HuffPo Cleared for IDing Candidate as 'Arsonist'
MINNEAPOLIS (CN) - A former congressional candidate waited too long to sue the Huffington Post over an article that labels him an "arsonist," a federal judge ruled.
Jack Shepard, who ran for the Republican nomination in Minnesota's 4th Congressional District in 2010, claimed that The Huffington Post libeled him with article titled "Support Jack Shepard, the Arsonist, for Congress."
He says he "was never convicted of arson."
"I have formally asked the prosecutor's office in Minnesota on many occasions to drop the clearly unsupported charge of arson going back to 1982," according to the complaint Shepard filed pro se in June 2012. "It related to an alleged arson of my own house. The basis of this very old charge is evidently fragile and not believable: there is no evidence, no motive (no insurance benefit or other advantage accruing to me), no means. Which explains why the charge was not proceeded with and I haave not been convicted (even in absentia)! I have always affirmed my innocence and indicated the likely true authors, but to no avail.
HuffPo's article also claims that Shepard is now "cloistered in Italy," where he is a practicing dentist, and that he fled to Europe to escape prosecution.
Shepard claimed that the article destroyed his dental practice in Italy overnight and that "it is no longer possible for me to get a fair trial because millions of people believe the Huffington Post as a credible source of information and people will believe by viewing the headline that I am a convicted arsonist."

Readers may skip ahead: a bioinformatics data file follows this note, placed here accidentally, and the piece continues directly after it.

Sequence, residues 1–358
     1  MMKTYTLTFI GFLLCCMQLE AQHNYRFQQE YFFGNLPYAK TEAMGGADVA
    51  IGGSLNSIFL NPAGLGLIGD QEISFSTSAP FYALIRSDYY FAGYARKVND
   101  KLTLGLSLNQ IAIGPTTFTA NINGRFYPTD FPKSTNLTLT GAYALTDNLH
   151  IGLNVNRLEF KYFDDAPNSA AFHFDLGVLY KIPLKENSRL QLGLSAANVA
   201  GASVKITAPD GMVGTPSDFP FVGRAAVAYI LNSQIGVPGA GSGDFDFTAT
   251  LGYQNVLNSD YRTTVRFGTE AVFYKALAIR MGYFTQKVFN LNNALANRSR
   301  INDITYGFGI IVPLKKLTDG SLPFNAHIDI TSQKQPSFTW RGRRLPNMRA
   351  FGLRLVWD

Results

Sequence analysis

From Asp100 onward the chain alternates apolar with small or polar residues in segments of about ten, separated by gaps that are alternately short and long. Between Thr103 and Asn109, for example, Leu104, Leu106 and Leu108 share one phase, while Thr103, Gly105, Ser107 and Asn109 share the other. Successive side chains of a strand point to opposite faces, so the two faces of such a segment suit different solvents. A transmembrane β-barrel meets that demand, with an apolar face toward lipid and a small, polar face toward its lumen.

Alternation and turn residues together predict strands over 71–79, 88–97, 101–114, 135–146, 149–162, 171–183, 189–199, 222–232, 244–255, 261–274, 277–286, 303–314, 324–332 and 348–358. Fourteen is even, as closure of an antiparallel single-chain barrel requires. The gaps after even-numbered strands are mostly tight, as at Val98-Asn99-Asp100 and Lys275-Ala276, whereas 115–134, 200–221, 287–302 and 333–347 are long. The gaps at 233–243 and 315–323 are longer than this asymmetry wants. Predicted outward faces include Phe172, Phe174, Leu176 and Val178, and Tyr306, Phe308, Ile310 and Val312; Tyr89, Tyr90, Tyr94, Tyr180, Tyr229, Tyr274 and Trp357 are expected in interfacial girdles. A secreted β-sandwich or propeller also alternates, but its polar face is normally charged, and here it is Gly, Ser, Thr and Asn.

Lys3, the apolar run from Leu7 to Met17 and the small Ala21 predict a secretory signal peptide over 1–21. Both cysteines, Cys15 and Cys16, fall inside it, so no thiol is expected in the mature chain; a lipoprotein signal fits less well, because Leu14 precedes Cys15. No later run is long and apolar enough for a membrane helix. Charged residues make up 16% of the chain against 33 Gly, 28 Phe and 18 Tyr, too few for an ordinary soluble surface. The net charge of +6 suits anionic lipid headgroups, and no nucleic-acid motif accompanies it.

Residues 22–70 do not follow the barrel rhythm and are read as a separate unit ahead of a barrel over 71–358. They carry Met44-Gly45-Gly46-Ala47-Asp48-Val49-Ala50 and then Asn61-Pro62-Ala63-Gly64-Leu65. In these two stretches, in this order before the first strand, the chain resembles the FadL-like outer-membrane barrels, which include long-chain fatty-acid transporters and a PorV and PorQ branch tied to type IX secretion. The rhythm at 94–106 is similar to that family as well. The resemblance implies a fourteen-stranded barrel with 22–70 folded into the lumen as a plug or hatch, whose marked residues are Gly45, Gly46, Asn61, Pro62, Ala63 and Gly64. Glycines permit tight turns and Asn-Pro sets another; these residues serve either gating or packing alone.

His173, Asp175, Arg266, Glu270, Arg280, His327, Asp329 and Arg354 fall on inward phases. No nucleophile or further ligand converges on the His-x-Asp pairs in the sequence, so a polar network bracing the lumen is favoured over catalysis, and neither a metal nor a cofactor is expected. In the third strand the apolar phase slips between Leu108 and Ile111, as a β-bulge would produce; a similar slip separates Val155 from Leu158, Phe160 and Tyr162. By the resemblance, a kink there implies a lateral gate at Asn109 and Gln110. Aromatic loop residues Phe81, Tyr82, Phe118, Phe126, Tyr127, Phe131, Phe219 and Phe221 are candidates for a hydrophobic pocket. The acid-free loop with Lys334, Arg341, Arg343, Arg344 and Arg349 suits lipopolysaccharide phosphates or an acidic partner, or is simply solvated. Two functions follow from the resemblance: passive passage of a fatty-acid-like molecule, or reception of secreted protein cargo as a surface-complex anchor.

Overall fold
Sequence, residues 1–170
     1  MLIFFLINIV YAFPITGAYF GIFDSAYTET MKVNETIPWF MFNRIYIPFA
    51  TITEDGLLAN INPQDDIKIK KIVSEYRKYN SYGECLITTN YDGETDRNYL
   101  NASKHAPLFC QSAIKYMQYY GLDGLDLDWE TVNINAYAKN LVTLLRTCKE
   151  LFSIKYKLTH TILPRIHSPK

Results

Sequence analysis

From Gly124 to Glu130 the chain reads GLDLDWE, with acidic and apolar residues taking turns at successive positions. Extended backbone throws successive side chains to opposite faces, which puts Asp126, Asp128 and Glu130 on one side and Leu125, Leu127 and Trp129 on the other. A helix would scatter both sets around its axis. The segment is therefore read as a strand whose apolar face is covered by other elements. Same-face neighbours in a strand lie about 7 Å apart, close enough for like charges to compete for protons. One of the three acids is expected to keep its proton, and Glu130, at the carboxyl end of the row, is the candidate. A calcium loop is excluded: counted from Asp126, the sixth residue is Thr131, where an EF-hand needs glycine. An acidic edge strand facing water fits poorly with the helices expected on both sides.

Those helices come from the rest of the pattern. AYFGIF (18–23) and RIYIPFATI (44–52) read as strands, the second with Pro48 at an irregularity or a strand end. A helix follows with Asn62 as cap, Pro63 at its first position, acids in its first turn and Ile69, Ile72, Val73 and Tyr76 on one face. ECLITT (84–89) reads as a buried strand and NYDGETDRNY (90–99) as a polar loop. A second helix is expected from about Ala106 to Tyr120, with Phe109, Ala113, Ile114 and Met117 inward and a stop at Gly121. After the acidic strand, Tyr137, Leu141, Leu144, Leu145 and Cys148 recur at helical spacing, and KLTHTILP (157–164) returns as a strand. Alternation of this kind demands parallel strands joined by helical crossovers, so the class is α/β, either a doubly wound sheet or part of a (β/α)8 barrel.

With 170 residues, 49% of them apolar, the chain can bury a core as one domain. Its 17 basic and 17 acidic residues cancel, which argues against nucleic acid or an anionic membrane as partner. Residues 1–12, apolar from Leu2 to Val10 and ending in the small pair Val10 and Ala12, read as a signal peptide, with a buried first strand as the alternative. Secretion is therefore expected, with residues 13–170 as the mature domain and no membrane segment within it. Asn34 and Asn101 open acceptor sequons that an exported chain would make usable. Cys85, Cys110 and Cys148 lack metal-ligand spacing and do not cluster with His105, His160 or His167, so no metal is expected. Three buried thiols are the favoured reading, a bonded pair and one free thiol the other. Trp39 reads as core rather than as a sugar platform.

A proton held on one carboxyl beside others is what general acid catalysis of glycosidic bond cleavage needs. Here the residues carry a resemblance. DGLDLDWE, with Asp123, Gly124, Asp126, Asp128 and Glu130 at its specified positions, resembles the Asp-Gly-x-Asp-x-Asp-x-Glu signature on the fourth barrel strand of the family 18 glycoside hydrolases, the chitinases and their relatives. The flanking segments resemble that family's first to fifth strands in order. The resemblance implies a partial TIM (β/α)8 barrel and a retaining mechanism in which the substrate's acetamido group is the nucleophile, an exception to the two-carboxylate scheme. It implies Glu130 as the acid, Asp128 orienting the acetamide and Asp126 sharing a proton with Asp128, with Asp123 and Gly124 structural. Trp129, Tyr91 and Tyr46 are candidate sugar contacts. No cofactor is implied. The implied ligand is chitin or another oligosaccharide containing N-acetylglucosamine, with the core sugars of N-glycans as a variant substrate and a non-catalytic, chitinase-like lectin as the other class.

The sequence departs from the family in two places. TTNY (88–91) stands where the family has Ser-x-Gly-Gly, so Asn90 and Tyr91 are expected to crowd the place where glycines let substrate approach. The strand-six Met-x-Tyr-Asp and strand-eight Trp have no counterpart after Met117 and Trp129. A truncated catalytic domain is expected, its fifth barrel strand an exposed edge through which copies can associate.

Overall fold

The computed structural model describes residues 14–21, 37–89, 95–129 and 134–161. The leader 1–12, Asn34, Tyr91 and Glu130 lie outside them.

U.S. District Judge Paul Magnuson dismissed the complaint with prejudice this month after finding it barred by the statute of limitations.
Shepard had claimed that HuffPo had updated the article since publication of the original post in May 2010, restarting the statute of limitations, but Magnuson disagreed.
"Contrary to his assertions, however, the content of the article does not appear to have changed," the ruling states. "Instead the 'new' articles cited by Shepard appear to be hyperlinks to the original article, which do not restart the statute of limitations. Accordingly, any subsequent republications of the article were incidental and the single-publication rule applies to bar Shepard's claim."
Magnuson also rejected Shepard's claims of libel altogether, ruling that "three of the four allegedly defamatory statements are not actionable because they are either true or permissible hyperbole."
Though Shepard insists that arsonist label is libelous since he was never convicted of arson, Manguson pointed out that "the body of the article ... states that Shepard 'was accused of arson in 1982,' thereby clarifying the article's title."
"Because the 'defamatory character of any particular statement must be construed in the context of the article as a whole,' ... the use of the term 'arsonist' in the headline is not actionable," the ruling states.